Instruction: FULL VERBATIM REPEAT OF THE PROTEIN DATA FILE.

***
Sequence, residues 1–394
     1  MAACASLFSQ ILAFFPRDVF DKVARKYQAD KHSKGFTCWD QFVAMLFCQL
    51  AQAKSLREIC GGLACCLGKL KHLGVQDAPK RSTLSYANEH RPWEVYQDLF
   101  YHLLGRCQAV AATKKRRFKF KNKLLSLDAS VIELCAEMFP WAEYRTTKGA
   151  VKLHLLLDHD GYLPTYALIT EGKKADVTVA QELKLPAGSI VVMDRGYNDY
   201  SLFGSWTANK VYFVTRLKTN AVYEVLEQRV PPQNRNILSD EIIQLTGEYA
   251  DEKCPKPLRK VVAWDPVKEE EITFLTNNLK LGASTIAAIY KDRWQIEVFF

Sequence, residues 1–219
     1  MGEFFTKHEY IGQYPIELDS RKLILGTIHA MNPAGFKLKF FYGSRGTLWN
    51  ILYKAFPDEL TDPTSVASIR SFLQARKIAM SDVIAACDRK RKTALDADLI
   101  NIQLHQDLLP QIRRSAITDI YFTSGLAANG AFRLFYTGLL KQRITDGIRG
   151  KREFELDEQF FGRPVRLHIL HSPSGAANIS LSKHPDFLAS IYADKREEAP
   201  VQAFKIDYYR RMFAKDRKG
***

Sequence, residues 1–394
     1  MAACASLFSQ ILAFFPRDVF DKVARKYQAD KHSKGFTCWD QFVAMLFCQL
    51  AQAKSLREIC GGLACCLGKL KHLGVQDAPK RSTLSYANEH RPWEVYQDLF
   101  YHLLGRCQAV AATKKRRFKF KNKLLSLDAS VIELCAEMFP WAEYRTTKGA
   151  VKLHLLLDHD GYLPTYALIT EGKKADVTVA QELKLPAGSI VVMDRGYNDY
   201  SLFGSWTANK VYFVTRLKTN AVYEVLEQRV PPQNRNILSD EIIQLTGEYA
   251  DEKCPKPLRK VVAWDPVKEE EITFLTNNLK LGASTIAAIY KDRWQIEVFF

Sequence, residues 1–219
     1  MGEFFTKHEY IGQYPIELDS RKLILGTIHA MNPAGFKLKF FYGSRGTLWN
    51  ILYKAFPDEL TDPTSVASIR SFLQARKIAM SDVIAACDRK RKTALDADLI
   101  NIQLHQDLLP QIRRSAITDI YFTSGLAANG AFRLFYTGLL KQRITDGIRG
   151  KREFELDEQF FGRPVRLHIL HSPSGAANIS LSKHPDFLAS IYADKREEAP
   201  VQAFKIDYYR RMFAKDRKG